Where Will Research In Motion Go From Here?
Research In Motion is getting a lot of attention these days. For one thing, the stock has been resurrected. Shares are up more than 50% year to date on renewed hopes that its BlackBerry 10 operating system can save the company from ruin. But before you throw your inhibitions to the wind and jump on the hype wagon, let's flesh out the facts.
Dangling the carrot
On Wednesday, Research In Motion unveiled an updated version of its business software service, known as BlackBerry Enterprise Service 10. This is a key product launch for the company as it struggles to keep hold of its enterprise customers. One of the most noteworthy additions to the streamlined platform is that it works across operating systems. That means employers using BlackBerry Enterprise Service 10 are able to securely manage employees' smartphones, be it iPhones running iOS, BlackBerry handhelds, or Android-powered devices.
This is something RIM needed to do a long time ago, as more companies began swapping BlackBerrys for competing gadgets. Last year, Apple stole a massive enterprise customer from RIM when Halliburton, one of the world's largest oilfield-services companies, agreed to trade in its employees' BlackBerry smartphones for Apple's iPhones. That's just one company, but it's indicative of a trend of large company and government accounts that shifted from BlackBerry in 2012.
However, it's a new year, and loyal users are hoping that a new, more competitive RIM will emerge from the ashes. The device maker is attempting to entice new customers by offering a free 60-day trial of its updated enterprise service.
According to the company, about 1,600 businesses in North America are planning to participate in a training program for RIM's new BlackBerry Enterprise Service 10. In addition, The Wall Street Journal reports, "130 corporate customers have been testing an early version of the service." Importantly, RIM released this mobile enterprise application as a lead-in to next week's long overdue debut of its new operating system, BlackBerry 10.
Welcome back to life, RIM. Please keep your hands inside the vehicle at all times.
At long last, RIM looks to be taking destiny into its own hands. However, the question now is: Will it be enough? The company continues to bleed market share to competitors Apple and Google . In fact, RIM closed out 2012 with just 1.6% of the U.S. smartphone market during December, according to ComTech. For comparison, the search giant's Android operating system grabbed 44.2% of smartphone sales, while Apple led with more than 51% of the market.
Don't call it a comeback
After a series of delays, it finally looks as if BlackBerry 10 will show its face. RIM is on track to release the long-awaited mobile operating system on Jan. 30. On top of that, the company plans to introduce at least six separate BlackBerry 10 devices this year, as RIM looks to grow its subscriber base. This, along with reports that Lenovo may make a bid for the company, has stoked interest in the stock, though it took a bit of a break today as speculation of a Lenovo bid cools.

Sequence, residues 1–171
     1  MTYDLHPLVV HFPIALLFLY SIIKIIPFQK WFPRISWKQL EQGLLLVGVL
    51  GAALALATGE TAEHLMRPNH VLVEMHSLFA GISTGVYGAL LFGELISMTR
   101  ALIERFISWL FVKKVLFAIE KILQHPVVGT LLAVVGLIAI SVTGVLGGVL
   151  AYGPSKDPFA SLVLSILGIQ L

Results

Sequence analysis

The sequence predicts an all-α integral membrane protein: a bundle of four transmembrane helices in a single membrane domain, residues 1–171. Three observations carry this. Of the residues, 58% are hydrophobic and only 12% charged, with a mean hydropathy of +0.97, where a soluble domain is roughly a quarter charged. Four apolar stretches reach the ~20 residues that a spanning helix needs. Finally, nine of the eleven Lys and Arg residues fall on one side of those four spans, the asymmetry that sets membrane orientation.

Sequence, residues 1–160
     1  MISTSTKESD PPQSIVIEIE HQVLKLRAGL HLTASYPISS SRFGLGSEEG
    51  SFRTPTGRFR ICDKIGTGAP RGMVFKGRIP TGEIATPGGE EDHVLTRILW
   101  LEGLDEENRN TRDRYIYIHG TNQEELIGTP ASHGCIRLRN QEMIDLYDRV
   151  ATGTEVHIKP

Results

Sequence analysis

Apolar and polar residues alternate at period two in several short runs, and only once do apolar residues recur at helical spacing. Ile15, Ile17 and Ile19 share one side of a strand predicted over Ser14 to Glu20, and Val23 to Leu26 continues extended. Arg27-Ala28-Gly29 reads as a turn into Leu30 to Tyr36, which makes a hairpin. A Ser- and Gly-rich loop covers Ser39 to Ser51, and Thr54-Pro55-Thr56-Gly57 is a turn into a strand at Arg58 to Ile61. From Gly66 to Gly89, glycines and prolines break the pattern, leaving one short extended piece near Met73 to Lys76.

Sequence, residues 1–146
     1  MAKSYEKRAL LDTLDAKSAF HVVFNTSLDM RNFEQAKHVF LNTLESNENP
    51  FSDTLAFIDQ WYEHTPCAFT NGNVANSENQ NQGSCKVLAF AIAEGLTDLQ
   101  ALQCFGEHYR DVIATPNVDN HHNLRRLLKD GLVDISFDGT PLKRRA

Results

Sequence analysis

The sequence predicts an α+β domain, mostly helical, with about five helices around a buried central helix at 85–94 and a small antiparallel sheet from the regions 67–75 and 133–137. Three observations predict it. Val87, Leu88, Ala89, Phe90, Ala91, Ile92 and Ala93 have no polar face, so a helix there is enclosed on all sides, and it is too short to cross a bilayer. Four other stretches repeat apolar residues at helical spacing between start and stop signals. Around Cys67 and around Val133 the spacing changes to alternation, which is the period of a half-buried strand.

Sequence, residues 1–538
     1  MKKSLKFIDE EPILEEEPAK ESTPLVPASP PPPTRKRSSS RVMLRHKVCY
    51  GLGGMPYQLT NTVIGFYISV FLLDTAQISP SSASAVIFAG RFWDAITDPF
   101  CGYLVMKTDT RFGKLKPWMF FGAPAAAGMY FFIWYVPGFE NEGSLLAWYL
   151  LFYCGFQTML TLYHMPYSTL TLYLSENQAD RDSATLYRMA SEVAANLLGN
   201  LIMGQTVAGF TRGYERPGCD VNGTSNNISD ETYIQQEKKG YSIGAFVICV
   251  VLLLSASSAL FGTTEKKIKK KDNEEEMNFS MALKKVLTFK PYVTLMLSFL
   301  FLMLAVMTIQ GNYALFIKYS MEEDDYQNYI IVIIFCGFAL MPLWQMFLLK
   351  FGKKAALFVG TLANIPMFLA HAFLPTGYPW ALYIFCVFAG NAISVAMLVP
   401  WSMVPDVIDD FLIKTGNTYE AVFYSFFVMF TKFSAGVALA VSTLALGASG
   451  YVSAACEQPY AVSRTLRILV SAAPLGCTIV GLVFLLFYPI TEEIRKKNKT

Shares of RIM hit a 52-week high of $18.32 last week, before today's retreat back into the $16 range as investors reacted to the rumored takeover buzz. Interest from Lenovo Group, new smartphones and software releases, and possible licensing deals are all very encouraging for Research In Motion. However, the disclaimer for investors is that where there is hype, there is often inflated expectations.
That's not to say I don't admire the investors who have been long RIM from the beginning. I'm just not confident that these developments can restore RIM to the greatness it once knew. If you're a current RIM shareholder, I'd love to hear from you. Drop me a note in the comments section below and tell the Fool community where you think the stock will go in the year ahead.
Research In Motion has a lot riding on its new BlackBerry 10 debut. But with added competition from tech giant Apple, it could be too little too late for the BlackBerry maker. However, there is a separate debate raging as to whether Apple remains a buy.
The Motley Fool's senior technology analyst and managing bureau chief, Eric Bleeker, is prepared to fill you in on both reasons to buy and reasons to sell Apple, and what opportunities are left for the company (and, more importantly, your portfolio) going forward. To get instant access to his latest thinking on Apple, simply click here now.
The article Where Will Research In Motion Go From Here? originally appeared on Fool.com.Fool contributor Tamara Rutter owns shares of Apple. The Motley Fool recommends and owns shares of Apple, Google, and Halliburton. Try any of our Foolish newsletter services free for 30 days. We Fools don't all hold the same opinions, but we all believe that considering a diverse range of insights makes us better investors. The Motley Fool has a disclosure policy.
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